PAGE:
An important tool for reasoning about programs without running them is dataflow analysis, which can be used to compute facts such as:
- an integer-valued variable is non-negative at a particular program point
- a conditional branch always goes one way
- an indirect write cannot modify a particular array
Dataflow facts drive optimizations such as constant propagation and dead code elimination. Outside of compilers, dataflow analyses are important in tools that prove safety properties, such as absence of undefined behaviors in C or C++ programs. Dataflow analysis is backed by a rich academic literature and tool writers have decades of experience implementing it. This set of lecture notes is my favorite introduction to dataflow analysis.
Despite all of the nice theorems, dataflow analyses are hard to get right, in part because people are just not very good at reasoning about properties that hold over sets of program executions. As a simple exercise in this kind of thinking, try this: you have a variable A whose value is known to be in the range [0..1000] and a variable B that is known to be in the range [10000..10050]. The program computes the bitwise xor of A and B and assigns the result into C. Provide tight bounds on the values that C can take. If you find this to be easy, that’s great — but consider that you then have to make this work for all intervals and after that there are about 9,999 similarly fiddly things left to implement and any mistakes you make are likely to result in miscompilations.
So now let’s finally get to the point of this post. The point is that since dataflow is hard, if you implement a dataflow analysis, you should also implement a dynamic checker that looks for cases where the analysis has come to the wrong conclusion. To keep going with the running example, the program being analyzed contains this line of code:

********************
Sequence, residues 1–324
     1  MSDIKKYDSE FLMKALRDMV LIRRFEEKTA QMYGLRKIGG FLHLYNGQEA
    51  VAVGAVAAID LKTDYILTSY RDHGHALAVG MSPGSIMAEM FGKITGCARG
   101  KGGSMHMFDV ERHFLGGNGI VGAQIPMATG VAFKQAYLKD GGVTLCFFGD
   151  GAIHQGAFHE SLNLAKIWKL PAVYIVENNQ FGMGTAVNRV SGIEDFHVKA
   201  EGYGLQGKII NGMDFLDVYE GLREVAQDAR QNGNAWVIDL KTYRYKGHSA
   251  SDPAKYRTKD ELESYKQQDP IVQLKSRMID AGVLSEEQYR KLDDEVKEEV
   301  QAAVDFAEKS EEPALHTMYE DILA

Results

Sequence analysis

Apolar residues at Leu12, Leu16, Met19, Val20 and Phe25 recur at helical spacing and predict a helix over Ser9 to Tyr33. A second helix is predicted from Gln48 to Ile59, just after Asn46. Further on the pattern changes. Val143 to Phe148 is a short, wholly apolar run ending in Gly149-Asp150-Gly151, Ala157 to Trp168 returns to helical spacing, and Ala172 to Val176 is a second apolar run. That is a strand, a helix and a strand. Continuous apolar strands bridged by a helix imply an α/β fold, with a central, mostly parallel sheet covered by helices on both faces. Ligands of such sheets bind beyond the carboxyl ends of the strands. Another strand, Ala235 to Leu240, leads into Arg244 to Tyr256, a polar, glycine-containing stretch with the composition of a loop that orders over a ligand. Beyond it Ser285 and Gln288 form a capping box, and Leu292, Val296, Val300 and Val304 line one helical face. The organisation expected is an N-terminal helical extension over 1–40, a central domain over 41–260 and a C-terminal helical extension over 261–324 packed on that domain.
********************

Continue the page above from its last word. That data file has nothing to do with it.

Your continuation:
// A in [0..1000] and B in [10000..10050] C = A ^ B;
If our interval analysis says that C has to be in the range [9225..12255], we would rewrite the code to add an assertion:
// A in [0..1000] and B in [10000..10050] C = A ^ B; assert(C >= 9225 && C <= 12255);
Now we can run the instrumented program and, if we’re very lucky, it will execute this code with values such as A = 830 and B = 10041, making C = 9223, triggering an assertion violation telling us that our analysis is unsound and giving us something to debug. The other way to debug this sort of problem is to backtrack from a miscompilation — an experience enjoyed by basically nobody.
Every dataflow analysis that I’ve implemented or supervised the implementation of has gotten a dynamic checker. This is a great testing technique that has numerous advantages. It finds bugs in practice. It can be automated, either using a program generator like Csmith or else using a regular test suite. The annotated programs serve as a useful way to look at the precision of an analysis: if not very many assertions show up, or if the bounds are very loose, then we probably need to do some tuning for precision. Finally, if we don’t find any bugs, then the dataflow analysis is probably (please excuse me, formal methods people) correct enough for practical purposes.
Of course, not everything that can be computed by a dataflow analysis can be expressed in code. For example, in C and C++ there’s no lightweight way to assert that a pointer refers to valid storage or that a variable is uninitialized. E-ACSL is a neat piece of related work in this general area.
Just recently I’ve been looking at the efficiency of integer overflow checking using LLVM and since then I wrote some code that uses integer range dataflow facts to remove overflow checks that can be proved to not fire. Here’s the under-review patch . The ranges are computed by an LLVM pass called LazyValueInfo (LVI), which better be correct if we’re going to rely on it, so I wrote a little LLVM pass that does the necessary checking. It processes each function in between the optimization and code generation phases by:
- Making a list of instructions that LVI knows something about.
- Creating a new basic block that executes a trap instruction .
- Conditionally jumping to the trap block if the actual value produced by any instruction is out of bounds with respect to the predicted value range.
(If you build this pass, you’ll need a slightly hacked LLVM, see the README.)
So far, some testing using Csmith hasn’t turned up any bugs in LVI, which is great. Less great is the fact that it drops precision all over the place: a lot of tuning up is needed before it is the basis for a really strong redundant overflow check remover.
The technique I’m describing is not as widely known or as widely used as it should be, considering how easy and effective it is. The best answer is that C = [9216..10239].